Predecessors and origins

Livy relates the story of Titus Manlius Torquatus accepting a challenge to a single combat by a large Gallic soldier at a bridge over the Anio river, where the Gauls and the Romans were encamped on opposite sides of the river. Manlius strapped on the Hispanic sword (gladius Hispanus). During the combat he thrust twice with it under the shield of the Gaul, dealing fatal blows to the abdomen. He then removed the Gaul's torc and placed it around his own neck, hence the name, torquatus.

The combat occurred during the consulships of C. Sulpicius Peticus and C. Licinius Stolo — i.e., about 361 BC, long before the Punic Wars, but during the frontier wars with the Gauls (366-341 BC). One theory proposes the borrowing of the word gladius from *kladi- during this period, relying on the principle that k often became g in Latin. Ennius attests the word. Gladius may have replaced ensis, which in the literary periods was used mainly by poets.

The exact origin of the gladius Hispanus is disputed. While it is likely that it descended ultimately from Celtic swords of the La Tene and Hallstat periods, no one knows if it descended directly from Celtiberian troops of the Punic Wars, or through Gallic troops of the Gallic Wars.

Arguments for the Celtiberian source of the weapon have been reinforced in recent decades by discovery of early Roman gladii that seem to highlight that they were copies of Celtiberian models. The weapon developed in Iberia after La Tène I models, which were adapted to traditional Celtiberian techniques during the late 4th and early 3rd centuries BC. These weapons are quite original in their design, so that they cannot be confused with Gallic types.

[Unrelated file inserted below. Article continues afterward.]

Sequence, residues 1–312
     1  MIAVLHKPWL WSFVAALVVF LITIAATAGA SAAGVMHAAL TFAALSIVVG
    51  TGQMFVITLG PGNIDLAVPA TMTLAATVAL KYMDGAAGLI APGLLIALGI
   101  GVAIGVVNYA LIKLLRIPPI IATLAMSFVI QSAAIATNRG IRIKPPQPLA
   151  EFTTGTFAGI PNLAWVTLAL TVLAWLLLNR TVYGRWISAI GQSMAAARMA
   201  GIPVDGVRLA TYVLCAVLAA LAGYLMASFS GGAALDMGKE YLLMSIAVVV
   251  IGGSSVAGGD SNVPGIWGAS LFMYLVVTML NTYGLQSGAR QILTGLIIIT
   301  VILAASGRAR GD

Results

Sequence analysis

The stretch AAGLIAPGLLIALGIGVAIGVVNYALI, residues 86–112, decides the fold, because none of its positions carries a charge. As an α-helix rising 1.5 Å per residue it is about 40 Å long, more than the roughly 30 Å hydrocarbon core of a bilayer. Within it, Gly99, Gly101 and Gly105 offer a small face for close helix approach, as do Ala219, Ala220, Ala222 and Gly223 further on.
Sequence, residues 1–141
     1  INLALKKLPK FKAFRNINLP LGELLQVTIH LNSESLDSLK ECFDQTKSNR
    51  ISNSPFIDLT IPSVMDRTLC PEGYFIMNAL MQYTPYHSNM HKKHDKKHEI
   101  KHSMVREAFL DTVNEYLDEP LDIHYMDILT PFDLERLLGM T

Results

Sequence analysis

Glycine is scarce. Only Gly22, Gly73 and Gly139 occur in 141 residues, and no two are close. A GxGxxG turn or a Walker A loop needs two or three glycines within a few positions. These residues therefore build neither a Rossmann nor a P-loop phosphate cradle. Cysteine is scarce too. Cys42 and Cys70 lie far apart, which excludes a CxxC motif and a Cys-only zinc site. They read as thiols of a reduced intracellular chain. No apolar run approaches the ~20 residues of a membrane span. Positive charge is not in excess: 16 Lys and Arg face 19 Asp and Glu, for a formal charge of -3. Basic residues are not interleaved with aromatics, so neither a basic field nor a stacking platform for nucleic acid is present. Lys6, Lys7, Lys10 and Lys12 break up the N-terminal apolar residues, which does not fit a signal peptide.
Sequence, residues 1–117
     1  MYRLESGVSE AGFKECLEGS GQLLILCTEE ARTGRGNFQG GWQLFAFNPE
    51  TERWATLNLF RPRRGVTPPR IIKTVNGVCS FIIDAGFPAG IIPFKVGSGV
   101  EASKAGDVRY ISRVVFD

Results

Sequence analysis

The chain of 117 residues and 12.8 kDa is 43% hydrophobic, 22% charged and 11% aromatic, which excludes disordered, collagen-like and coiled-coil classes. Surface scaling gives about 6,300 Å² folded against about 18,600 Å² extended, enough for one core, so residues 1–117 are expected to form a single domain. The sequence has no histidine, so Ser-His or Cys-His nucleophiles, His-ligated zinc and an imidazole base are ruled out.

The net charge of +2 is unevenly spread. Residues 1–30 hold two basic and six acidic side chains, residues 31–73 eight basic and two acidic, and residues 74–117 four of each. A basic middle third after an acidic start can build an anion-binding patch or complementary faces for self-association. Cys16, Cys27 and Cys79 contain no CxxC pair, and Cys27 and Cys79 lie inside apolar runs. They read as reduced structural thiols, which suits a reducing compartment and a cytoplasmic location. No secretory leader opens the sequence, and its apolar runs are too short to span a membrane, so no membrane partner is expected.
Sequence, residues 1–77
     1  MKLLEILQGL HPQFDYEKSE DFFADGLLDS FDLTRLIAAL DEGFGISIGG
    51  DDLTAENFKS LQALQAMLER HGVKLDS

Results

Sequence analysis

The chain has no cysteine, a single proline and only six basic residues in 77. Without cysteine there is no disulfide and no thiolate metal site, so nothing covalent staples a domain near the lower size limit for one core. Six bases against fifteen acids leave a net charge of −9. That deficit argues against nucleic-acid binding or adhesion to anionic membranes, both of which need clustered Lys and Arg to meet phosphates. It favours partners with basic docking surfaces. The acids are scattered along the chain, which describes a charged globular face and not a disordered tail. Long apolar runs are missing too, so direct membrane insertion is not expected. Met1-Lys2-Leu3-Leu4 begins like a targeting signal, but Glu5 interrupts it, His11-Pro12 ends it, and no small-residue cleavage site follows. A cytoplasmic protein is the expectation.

While often thought to be steel, that material was not really understood at this time. The word was used, yes, but basically swords at this time were made of what we call "wrought iron." Gladii were not really hardened. Some (few) examples have been found to have some rudementery hardening, but nothing like what we think of it and certainly not "pattern-welded" (Damascus) steel with layers of differing types and hardnesses of steel welded together in a forge — that technique was from a time after the Empire.

Roman soldier and his equipment Roman Military Sandal (Caligae)The helmet (Galea)The sword (Gladius)The daggerThe shield (Scutum)Roman Military Sandal (Caligae)The Curiass (Lorica Segmentata)The belt (Cinglium)

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<<<< This photograph taken by the original author, Victius Maximus. Thanks to Optio Gaius Allius of Legion XIV and Verulamium Museum for their assistance